Research yields insights for creating better parks
Closed facilities and social distancing due to the COVID-19 pandemic have made outdoor parks more important than ever for exercise and leisure. A new study from University of Houston-Clear Lake researchers identified physical activity trends and potential barriers to park usage, emphasizing the importance of accessibility to green spaces.
UH-Clear Lake Exercise and Health Sciences faculty members Isabelle Kusters, Julianna Dean, and Denise Cazes, as well as Master of Science in Exercise and Health Sciences alumnus Mark Sommer while he was a graduate student, investigated where and when members of the UHCL community were exercising. They also collected their experiences and attitudes towards using public parks.
Their study has been recently published in an article entitled, "Physical Activity Behaviors and Park Use Among Members of a Mid-Sized University" in the Texas Journal of Public Health.
"In public health, we know that physical activity is crucial for our physical, mental, and social well being," Kusters said. "Houston has high levels of chronic disease, such as high blood pressure, diabetes, and cardiovascular disease, making physical activity even more important to integrate into daily life. This is why green spaces such as parks are a crucial component of a community's infrastructure. They must be readily and freely accessible for communities to use," she said.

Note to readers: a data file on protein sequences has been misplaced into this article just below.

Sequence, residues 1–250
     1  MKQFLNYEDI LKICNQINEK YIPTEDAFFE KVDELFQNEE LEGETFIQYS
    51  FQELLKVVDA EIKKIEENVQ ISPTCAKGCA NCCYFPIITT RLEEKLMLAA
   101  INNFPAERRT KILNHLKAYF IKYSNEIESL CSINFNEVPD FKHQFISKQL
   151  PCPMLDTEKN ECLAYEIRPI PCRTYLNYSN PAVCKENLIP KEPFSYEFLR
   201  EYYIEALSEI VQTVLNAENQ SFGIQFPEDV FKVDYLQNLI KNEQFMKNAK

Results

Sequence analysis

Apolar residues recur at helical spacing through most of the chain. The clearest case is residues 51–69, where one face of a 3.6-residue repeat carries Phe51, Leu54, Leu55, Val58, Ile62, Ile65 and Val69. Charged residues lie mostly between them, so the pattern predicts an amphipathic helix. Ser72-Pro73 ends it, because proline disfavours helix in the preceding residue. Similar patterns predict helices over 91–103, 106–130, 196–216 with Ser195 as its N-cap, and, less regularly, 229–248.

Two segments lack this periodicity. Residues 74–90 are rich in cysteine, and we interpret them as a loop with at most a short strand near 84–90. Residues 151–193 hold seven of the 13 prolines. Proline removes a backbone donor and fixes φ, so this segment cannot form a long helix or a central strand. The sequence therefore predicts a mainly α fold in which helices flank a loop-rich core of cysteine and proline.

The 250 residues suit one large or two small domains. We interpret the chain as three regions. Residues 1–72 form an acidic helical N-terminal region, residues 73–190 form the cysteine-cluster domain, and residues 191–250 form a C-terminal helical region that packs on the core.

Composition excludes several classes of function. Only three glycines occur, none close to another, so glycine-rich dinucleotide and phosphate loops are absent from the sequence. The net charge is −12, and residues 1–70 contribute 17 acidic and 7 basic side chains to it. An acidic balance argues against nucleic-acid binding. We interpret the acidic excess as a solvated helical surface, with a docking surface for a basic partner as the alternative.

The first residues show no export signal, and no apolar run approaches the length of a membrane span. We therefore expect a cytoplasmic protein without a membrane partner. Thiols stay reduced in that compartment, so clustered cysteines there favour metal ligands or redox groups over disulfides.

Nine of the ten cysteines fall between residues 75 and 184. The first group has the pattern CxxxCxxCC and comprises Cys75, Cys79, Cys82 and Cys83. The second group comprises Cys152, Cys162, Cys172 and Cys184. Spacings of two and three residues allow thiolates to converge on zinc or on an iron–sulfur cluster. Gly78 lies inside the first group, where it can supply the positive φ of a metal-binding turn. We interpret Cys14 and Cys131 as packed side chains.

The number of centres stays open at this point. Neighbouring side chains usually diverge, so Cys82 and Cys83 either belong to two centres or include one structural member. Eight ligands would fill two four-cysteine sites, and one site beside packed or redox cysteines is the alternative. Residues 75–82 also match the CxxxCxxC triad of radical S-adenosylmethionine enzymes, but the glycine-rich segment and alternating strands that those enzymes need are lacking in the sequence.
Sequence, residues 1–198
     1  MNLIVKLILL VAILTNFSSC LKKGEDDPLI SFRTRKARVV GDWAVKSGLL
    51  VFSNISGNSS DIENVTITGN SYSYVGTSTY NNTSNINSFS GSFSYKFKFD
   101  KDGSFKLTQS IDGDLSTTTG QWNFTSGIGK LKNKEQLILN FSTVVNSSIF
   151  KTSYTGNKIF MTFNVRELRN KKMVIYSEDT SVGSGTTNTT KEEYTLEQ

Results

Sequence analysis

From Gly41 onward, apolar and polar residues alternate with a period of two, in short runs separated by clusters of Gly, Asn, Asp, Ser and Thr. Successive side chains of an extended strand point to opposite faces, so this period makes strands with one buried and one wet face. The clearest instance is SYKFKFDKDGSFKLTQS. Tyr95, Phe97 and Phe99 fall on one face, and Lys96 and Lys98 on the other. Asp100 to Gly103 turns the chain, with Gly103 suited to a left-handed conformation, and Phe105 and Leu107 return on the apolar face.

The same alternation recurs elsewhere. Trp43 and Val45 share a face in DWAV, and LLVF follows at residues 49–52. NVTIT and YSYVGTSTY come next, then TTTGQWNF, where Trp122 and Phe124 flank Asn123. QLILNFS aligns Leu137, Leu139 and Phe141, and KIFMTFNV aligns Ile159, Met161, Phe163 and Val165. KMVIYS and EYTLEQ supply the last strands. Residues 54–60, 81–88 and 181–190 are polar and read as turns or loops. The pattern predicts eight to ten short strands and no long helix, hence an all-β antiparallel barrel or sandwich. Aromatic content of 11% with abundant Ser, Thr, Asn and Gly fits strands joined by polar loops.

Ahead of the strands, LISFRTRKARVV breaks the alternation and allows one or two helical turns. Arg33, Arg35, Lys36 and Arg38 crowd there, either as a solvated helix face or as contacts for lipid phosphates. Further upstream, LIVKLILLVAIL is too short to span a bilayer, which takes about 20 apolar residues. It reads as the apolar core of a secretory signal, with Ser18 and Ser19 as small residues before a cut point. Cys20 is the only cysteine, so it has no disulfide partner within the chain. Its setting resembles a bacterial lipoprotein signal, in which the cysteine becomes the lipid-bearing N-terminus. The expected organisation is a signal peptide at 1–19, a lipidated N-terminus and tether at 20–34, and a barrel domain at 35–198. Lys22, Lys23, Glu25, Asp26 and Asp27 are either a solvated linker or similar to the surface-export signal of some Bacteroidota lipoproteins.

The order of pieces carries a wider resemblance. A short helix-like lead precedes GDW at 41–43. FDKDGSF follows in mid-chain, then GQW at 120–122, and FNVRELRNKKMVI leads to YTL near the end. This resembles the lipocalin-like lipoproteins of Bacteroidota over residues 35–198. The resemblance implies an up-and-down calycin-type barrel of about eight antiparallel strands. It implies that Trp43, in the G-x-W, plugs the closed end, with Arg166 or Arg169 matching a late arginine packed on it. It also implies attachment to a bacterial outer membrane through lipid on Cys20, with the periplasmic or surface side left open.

Sommer said he was able to apply the data management and analysis techniques that he learned in his classes to this project. "I was involved in coding detailed survey responses into analyzable formats, applying the skills and knowledge I gained throughout the Master's program," he said. "Communities and municipalities can take this information more into account when city planning. It will help them make it easier for people to get into parks, because people need to feel comfortable when they're trying to get fit."
Many of the survey respondents reported that they typically performed activities such as walking, running, and resistance exercises. These top activities were done across various locations, such as at home, in gyms, or at parks. "We also found that most respondents exercised after 5 p.m., and they completed physical activity on at least one weekend day and at least one weekday," Dean said.
Respondents also said they found safety, maintenance, a relaxing atmosphere, and easy parking to be very important in parks.
"What this data shows us is that the types of physical activity that people are doing and the times that they are exercising are consistent with park availability, if the conditions are right," she said.
Kusters said the results of this study are crucial for understanding how to improve the physical spaces within our communities. "We do have a lot of beautiful green spaces and trails on and around our campus. However, we must ensure that parks are also integrated within residential areas for optimum public health."
For more information about UHCL's Exercise and Health Sciences program, go online.